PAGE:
As of November 1744, Richard Winn still lived in Hanover.[5] After that, he did not appear in the St. Paul’s Parish vestry book, which is the primary extant source for that county during the 1740s and 1750s. That suggests that Richard either died or relocated after 1744.

Some Richard Winn was in Caroline County in person by 14 Mar 1745/46, when he acknowledged a deed there.[6] A Richard Winn (the same or a different man? I don’t know) had acquired land in Caroline in 1735; a Minor Winn also appeared in the Caroline records that year.[7] I haven’t yet waded through all the Caroline order books, a tedious business, so I don’t have a good feel for the Caroline Winns.

The Richard Winn who lived in Caroline died there in 1748.[8] His will was witnessed by a Robert Durrett, and Richard Mauldin provided security for the executor. There don’t seem to be any connections between the Durrett, Mauldin and Winn families in Hanover County, but the Hanover records are so sparse that doesn’t prove much. Those two men may have been family, though. Has anyone found any Durrett/Mauldin/Winn connections anywhere? If so, that might be significant evidence about Richard Winn of Caroline.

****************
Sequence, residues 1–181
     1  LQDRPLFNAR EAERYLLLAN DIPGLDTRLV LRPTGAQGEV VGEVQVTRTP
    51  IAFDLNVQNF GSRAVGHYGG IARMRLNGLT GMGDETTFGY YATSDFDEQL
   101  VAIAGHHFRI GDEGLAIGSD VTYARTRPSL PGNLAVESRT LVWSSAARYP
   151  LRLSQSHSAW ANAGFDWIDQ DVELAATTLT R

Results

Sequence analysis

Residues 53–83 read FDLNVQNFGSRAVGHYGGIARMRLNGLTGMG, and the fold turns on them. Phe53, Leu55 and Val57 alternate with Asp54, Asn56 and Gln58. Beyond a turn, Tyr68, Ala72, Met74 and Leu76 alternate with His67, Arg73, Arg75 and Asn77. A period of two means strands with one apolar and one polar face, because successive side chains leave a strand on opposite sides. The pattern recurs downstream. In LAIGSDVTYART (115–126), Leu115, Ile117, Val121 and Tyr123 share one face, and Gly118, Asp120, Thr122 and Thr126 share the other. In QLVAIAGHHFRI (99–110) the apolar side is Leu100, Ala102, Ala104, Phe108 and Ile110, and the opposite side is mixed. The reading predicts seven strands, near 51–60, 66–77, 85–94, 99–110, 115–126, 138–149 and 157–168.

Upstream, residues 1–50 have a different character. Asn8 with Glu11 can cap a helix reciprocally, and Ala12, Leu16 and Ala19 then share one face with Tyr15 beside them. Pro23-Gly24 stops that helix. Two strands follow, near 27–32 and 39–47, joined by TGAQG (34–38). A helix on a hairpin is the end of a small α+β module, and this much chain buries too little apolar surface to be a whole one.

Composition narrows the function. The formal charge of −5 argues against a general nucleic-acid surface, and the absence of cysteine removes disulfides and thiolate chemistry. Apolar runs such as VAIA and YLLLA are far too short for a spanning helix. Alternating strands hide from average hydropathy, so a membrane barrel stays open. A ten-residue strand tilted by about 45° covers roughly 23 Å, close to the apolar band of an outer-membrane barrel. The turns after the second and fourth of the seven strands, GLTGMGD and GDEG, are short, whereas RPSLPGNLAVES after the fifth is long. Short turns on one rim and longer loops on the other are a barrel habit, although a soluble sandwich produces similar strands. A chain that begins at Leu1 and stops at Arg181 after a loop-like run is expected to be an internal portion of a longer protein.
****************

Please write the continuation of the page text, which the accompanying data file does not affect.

Richard of Caroline had a son Benjamin, the only child identified by the Caroline records.[9] If Richard of Caroline is the same man as Richard of Hanover, then we could add Benjamin to Richard and Phoebe’s list of probable and possible children. Perhaps someone who reads this has some evidence whether Richard of Hanover is the same man as Richard of Caroline — and will let the rest of us know. I’m still uncertain.

Who were Phebe Pledger Winn’s Parents?

A Hanover agreement is the only evidence of Phoebe’s parents I have found. Here it is:

Court record of 6 Aug 1734, agreement between Joseph Wilks of Blissland Parish, New Kent, planter, to Richard Winn of St. Paul’s Parish, Hanover, planter, £11.8.3 “in consideration of said Richard Winn finding him what land he shall have occasion to work during his natural life (and the life of Elizabeth his wife), which land shall be a part of the tract of land where … said Richard Winn now lives and shall build upon said land all the necessary buildings fit and convenient for him and also in consideration of the said Richard lending to said Joseph ……. slaves ……..etc.” Witnesses: John Bowles, Robert Mosby, John Winn. Proved 7 Nov 1734 by Jno Bowles and John Winn. Joseph Wilks gave £200 bond to perform his obligations, bond witnesed by John Bowles, John Winn, Robert Mosby, and John Winn.[10]

There may be several ways to interpret that agreement. I take it as indicating that Joseph Wilkes was old, Richard and Phoebe were taking care of him and his wife Elizabeth, and the Wilkes were Phoebe’s parents. Other Winn researchers see this agreement as evidence that Joseph Wilkes wife Elizabeth was Richard’s mother, who married Joseph Wilkes after her Winn husband died. Maybe so, although I disagree. The principle of Occam’s Razor suggests that the more complicated explanation is less likely than the more simple one.